By Sara Forcella, See the Triumph Contributor
Intimate partner violence is a global phenomenon― a public health concern which affects every community, in every state in the United States and beyond. While the effects of partner violence may be the most apparent and detrimental to those who are being directly abused, they ripple out into every aspect of our communities. A common misconception within most communities is believing that partner abuse does not occur. So frequently we think “maybe elsewhere, but not in this community”. We are unable to believe, or maybe even chose to ignore, the fact that many people within our own community face the reality of dealing with intimate partner violence. I urge you to consider that intimate partner violence does not discriminate; it does not take into account age, race, gender, sexuality, faith, or income. Even pets are affected by partner violence.
Intimate partner violence alters a community's overall health. It affects victims in a multitude of ways and affects every person differently. Victims of partner violence face higher rates of post traumatic stress, depression, anxiety, suicide, and a number of other serious health concerns. Children and teens who are witness violence at home are at risk for perpetrating violent behaviors within their own relationships. This means that violent behaviors are often transmitted from one generation to the next, reinforcing community-wide effects of IPV.
Due to the number of serious health concerns that are caused by intimate partner violence, the community deals with extra financial burdens. Those dealing with partner violence rely on numerous community-based services for their physical and emotional well being. They use services such as social workers, health care, legal aid, housing shelter care, counseling, and police and judicial assistance. Providing these forms of services is costly not only for those dealing with IPV but also for the community itself. The US spends an estimated $4.1 billion a year for domestic violence related health care services alone (NCADV).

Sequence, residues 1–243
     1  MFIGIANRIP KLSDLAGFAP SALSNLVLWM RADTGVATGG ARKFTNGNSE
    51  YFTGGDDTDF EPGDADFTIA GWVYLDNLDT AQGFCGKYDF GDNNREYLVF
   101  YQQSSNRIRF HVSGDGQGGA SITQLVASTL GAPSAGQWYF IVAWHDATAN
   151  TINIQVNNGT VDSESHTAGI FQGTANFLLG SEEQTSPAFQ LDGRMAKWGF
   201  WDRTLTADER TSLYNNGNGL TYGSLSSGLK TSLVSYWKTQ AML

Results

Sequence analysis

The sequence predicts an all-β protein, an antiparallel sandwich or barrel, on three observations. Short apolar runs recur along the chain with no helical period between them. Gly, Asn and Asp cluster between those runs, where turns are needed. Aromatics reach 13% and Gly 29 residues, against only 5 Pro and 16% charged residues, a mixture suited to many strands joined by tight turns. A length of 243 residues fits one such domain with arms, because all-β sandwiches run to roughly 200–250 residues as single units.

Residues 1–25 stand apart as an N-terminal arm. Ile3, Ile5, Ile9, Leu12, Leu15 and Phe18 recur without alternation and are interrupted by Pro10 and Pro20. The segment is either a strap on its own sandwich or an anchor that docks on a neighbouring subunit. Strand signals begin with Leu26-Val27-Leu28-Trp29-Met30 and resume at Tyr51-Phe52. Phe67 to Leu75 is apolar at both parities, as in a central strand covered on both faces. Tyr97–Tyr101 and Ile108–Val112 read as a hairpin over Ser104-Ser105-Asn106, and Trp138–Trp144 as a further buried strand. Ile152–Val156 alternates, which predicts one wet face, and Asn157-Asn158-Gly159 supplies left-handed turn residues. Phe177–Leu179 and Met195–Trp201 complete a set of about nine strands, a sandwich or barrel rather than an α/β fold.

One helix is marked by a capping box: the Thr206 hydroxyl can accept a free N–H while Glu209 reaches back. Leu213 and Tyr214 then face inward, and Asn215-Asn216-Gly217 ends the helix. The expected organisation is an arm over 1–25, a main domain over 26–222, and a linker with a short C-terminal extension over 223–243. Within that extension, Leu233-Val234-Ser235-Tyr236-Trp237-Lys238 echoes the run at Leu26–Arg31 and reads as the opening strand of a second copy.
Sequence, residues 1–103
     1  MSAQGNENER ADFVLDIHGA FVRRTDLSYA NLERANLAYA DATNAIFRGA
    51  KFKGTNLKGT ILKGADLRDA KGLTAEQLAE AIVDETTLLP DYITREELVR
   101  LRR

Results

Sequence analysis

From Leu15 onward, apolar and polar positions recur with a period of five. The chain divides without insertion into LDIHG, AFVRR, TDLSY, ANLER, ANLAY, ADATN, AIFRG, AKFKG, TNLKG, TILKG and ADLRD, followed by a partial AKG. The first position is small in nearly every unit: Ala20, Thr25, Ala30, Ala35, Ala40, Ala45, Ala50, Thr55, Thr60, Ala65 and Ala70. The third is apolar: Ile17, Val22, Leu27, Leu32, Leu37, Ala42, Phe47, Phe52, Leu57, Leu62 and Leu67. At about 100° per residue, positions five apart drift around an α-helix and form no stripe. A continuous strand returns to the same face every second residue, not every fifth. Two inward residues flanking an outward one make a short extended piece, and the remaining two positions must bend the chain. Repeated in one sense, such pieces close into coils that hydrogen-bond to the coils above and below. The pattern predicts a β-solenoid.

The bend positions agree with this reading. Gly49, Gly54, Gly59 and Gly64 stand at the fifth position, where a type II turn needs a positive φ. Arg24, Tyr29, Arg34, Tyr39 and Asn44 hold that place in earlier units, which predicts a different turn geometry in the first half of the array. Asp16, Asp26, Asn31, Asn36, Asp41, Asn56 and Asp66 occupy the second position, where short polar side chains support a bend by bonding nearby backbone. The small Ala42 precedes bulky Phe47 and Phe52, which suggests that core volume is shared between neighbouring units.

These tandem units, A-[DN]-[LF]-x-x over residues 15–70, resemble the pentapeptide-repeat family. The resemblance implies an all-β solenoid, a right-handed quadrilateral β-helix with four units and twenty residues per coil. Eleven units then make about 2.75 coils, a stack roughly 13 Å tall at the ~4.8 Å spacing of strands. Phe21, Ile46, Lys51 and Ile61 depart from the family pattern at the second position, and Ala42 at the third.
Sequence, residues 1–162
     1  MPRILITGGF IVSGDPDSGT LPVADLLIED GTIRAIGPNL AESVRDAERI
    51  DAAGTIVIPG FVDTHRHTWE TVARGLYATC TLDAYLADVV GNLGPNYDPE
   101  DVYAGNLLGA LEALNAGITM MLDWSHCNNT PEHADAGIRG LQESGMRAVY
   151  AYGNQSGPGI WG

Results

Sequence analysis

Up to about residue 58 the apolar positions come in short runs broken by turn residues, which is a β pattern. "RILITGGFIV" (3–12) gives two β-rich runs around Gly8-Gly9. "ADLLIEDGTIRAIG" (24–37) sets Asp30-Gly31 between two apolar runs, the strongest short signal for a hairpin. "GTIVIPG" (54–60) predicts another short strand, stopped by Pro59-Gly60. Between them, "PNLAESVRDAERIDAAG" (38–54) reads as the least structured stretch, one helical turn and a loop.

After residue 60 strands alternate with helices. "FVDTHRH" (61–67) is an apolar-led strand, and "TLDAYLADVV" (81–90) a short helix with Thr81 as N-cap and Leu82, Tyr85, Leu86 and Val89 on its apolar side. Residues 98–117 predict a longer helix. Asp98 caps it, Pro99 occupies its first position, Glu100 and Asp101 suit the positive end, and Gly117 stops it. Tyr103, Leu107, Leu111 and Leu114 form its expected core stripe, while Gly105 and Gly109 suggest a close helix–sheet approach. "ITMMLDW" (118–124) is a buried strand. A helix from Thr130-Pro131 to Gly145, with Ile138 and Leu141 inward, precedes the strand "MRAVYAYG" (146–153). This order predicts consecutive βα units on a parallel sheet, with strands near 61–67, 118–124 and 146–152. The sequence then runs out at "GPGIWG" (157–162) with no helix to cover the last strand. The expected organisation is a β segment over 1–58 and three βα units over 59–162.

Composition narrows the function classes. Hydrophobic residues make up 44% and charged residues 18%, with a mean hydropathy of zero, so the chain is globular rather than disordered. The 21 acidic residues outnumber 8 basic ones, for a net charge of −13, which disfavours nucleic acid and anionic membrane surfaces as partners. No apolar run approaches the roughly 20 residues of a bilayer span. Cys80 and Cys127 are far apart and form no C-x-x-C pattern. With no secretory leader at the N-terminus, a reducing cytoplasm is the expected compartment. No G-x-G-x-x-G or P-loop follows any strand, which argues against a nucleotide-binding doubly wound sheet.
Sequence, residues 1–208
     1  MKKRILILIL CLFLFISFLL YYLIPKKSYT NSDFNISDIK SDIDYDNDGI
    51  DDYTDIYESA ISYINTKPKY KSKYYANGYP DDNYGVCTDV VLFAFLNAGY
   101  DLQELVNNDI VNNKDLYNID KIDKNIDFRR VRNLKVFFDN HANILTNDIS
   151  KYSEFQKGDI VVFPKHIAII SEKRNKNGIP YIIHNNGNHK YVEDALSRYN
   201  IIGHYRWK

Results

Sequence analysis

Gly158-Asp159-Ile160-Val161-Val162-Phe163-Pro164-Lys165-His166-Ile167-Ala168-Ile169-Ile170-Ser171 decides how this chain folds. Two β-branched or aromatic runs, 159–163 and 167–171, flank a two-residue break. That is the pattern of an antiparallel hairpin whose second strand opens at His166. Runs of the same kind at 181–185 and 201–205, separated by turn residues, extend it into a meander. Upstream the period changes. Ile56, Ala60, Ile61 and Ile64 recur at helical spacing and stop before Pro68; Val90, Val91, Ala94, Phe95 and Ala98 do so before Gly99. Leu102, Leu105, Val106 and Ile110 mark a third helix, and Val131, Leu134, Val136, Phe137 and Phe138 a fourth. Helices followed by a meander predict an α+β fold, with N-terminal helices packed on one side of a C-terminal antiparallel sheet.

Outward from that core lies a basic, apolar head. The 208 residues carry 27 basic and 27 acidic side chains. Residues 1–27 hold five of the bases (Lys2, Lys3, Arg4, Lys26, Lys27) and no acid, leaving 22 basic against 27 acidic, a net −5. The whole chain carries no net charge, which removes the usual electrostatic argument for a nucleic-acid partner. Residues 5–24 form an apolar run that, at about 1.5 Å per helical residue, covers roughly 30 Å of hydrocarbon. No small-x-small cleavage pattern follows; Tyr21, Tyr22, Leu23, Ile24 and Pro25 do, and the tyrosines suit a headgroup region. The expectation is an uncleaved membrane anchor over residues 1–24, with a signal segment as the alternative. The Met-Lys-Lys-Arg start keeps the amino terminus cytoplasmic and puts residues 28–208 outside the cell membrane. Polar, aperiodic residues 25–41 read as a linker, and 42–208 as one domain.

The good news about IPV is that it can be prevented! The community has a responsibility to change the stigma surrounding victims who face intimate partner violence. When we allow abuse to occur within our communities, when we ignore the issue, or when we pretend they're not there, we are telling victims that abuse is acceptable. We are allowing the cycle of intimate partner violence to continue and affect future generations― generations that may include your children or grandchildren.
Whether you are aware or not, you know an IPV victim, survivor, or abuser; therefore, it’s important for you to get involved, engaged and start helping your community! Get familiar with local domestic violence agencies and resources. Volunteer your time at a local shelter or other service provider. Donate money, clothing, or old cell phones to local providers that support victims of intimate partner violence.Start talking about IPV, and keep the conversation going. Discuss the issue with your children, students, friends, co-workers, peers and partners. If you know somebody who is being abused, be supportive and let them know that abuse is never ok. It’s time that we ban together as a nationwide community and put an end to intimate partner violence.